Susan Sontag writes in her journal:
The writer must be four people:
1) The nut, the obsédé
2) The moron
3) The stylist
4) The critic
1 supplies the material; 2 lets it come out; 3 is taste; 4 is intelligence.
A great writer has all 4 but you can still be a good writer with only 1 and 2; they’re most important.
Turning to the board, I write four words: “madman,” “architect,” “carpenter,” “judge.”
“What happens when you get stuck is that two competing energies are locked horn to horn, pushing against each other. One is the energy of what I’ll call your ‘madman.’ He is full of ideas, writes crazily and perhaps rather sloppily, gets carried away by enthusiasm or anger, and if really let loose, could turn out ten pages an hour.
“The second is a kind of critical energy-what I’ll call the ‘judge.’ He’s been educated and knows a sentence fragment when he sees one. He peers over your shoulder and says, ‘That’s trash!’ with such authority that the madman loses his crazy confidence and shrivels up. You know the judge is right-after all, he speaks with the voice of your most imperious English teacher. But for all his sharpness of eye, he can’t create anything.
“So you’re stuck. Every time your madman starts to write, your judge pounces on him.
“The next morning, ask your ‘architect’ to enter. She will read the wild scribblings saved from the night before and pick out maybe a tenth of the jottings as relevant or interesting. (You can see immediately that the architect is not sentimental about what the madman wrote; she is not going to save every crumb for posterity.) Her job is simply to select large chunks of material and to arrange them in a pattern that might form an argument. The thinking here is large, organizational, paragraph level thinking-the architect doesn’t worry about sentence structure.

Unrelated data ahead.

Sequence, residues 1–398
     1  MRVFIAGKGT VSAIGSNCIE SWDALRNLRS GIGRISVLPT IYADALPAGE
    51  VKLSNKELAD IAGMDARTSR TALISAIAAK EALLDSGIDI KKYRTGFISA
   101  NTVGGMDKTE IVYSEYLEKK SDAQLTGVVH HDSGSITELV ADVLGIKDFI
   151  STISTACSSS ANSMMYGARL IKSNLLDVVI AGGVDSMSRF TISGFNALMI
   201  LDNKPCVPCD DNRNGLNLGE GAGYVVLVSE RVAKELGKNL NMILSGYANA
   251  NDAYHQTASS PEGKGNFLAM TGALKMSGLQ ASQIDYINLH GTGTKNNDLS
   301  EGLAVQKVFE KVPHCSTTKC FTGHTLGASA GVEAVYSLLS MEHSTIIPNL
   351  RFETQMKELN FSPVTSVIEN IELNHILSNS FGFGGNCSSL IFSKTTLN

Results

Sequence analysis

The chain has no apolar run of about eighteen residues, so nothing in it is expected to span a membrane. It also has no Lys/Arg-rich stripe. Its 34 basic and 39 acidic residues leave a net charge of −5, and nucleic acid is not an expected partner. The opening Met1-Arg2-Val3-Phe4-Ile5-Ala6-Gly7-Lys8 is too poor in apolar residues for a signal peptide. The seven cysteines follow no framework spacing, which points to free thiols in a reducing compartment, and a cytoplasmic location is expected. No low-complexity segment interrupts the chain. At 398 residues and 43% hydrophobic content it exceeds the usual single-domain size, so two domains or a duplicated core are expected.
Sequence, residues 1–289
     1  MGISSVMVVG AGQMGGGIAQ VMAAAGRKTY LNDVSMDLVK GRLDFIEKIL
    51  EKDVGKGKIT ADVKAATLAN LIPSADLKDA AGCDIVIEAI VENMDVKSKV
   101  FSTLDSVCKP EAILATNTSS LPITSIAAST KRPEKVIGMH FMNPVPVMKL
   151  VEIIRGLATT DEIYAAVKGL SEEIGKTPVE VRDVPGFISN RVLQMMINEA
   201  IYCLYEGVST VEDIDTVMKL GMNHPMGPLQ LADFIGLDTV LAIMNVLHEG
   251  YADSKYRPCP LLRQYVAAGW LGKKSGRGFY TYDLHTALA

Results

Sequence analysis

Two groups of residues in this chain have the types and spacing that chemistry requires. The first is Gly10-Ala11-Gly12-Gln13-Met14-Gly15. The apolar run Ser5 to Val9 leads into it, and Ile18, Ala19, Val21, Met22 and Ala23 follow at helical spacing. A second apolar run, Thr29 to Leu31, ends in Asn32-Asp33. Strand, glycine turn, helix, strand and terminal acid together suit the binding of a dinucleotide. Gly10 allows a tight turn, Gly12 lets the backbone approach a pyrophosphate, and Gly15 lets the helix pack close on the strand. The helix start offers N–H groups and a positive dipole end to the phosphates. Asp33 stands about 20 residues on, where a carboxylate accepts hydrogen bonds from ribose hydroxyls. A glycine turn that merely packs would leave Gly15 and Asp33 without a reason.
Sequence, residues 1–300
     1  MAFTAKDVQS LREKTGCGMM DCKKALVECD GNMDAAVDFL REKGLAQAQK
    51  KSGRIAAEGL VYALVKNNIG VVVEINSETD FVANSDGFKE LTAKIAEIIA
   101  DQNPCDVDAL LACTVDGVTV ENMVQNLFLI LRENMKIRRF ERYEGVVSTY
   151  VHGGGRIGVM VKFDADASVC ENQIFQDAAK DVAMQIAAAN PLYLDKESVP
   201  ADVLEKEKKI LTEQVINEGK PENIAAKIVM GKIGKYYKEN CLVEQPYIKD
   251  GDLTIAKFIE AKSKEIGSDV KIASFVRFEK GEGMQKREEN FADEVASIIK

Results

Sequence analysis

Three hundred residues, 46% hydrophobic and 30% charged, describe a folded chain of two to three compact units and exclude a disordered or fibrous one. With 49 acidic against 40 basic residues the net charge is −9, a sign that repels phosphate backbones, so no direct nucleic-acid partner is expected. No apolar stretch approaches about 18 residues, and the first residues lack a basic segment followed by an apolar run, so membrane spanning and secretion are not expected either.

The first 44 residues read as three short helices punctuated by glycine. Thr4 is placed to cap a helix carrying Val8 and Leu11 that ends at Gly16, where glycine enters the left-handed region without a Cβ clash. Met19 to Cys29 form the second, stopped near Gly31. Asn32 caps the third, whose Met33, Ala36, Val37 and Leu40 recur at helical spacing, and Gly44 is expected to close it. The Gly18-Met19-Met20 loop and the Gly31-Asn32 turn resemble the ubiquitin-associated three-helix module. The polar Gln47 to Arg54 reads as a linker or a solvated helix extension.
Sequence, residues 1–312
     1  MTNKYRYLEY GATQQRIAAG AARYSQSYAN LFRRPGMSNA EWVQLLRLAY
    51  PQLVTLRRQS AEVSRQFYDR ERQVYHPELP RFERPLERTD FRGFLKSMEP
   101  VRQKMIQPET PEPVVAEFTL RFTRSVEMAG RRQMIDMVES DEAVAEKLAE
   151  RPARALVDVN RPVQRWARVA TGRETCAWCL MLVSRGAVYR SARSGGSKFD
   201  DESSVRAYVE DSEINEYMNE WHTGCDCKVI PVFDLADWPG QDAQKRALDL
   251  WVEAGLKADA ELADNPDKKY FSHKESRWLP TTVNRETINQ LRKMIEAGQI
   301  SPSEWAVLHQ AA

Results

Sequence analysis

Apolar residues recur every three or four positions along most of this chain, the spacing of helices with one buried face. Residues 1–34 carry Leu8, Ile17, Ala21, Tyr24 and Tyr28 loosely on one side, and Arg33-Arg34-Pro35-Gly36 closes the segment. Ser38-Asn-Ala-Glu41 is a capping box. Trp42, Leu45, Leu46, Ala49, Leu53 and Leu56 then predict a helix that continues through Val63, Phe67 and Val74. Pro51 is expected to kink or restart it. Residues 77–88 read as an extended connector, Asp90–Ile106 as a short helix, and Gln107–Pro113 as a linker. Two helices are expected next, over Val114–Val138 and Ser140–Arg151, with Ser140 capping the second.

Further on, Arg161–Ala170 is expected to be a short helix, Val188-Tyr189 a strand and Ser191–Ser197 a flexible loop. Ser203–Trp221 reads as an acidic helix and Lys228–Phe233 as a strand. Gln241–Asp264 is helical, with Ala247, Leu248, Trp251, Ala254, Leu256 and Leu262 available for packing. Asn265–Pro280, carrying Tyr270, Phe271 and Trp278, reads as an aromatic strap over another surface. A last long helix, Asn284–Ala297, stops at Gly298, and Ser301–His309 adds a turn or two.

“No, the sentence structure is left for the ‘carpenter’ who enters after the essay has been hewn into large chunks of related ideas. The carpenter nails these ideas together in a logical sequence, making sure each sentence is clearly written, contributes to the argument of the paragraph, and leads logically and gracefully to the next sentence. When the carpenter finishes, the essay should be smooth and watertight.
“And then the judge comes around to inspect. Punctuation, spelling, grammar, tone-all the details which result in a polished essay become important only in this last stage. These details are not the concern of the madman who’s come up with them, or the architect who’s organized them, or the carpenter who’s nailed the ideas together, sentence by sentence. Save details for the judge.”
There are some striking similarities; Flowers’ description of the madman is similar to Sontag’s characterization of the nut (obsédé) and the moron. The stylist is the architect. The critic is the judge. Flowers’ description of the carpenter has no equivalent in Sontag’s journal entry.
Most importantly, Flowers elaborates, “The trick to not getting stuck involves separating the energies.” To me, it’s really similar to the creative process; if you know which phase you’re in, you’ll be all set and focused. If you don’t know which phase you’re in, your expectations will get the best of you, your mind will get confused and foggy, and a block will form.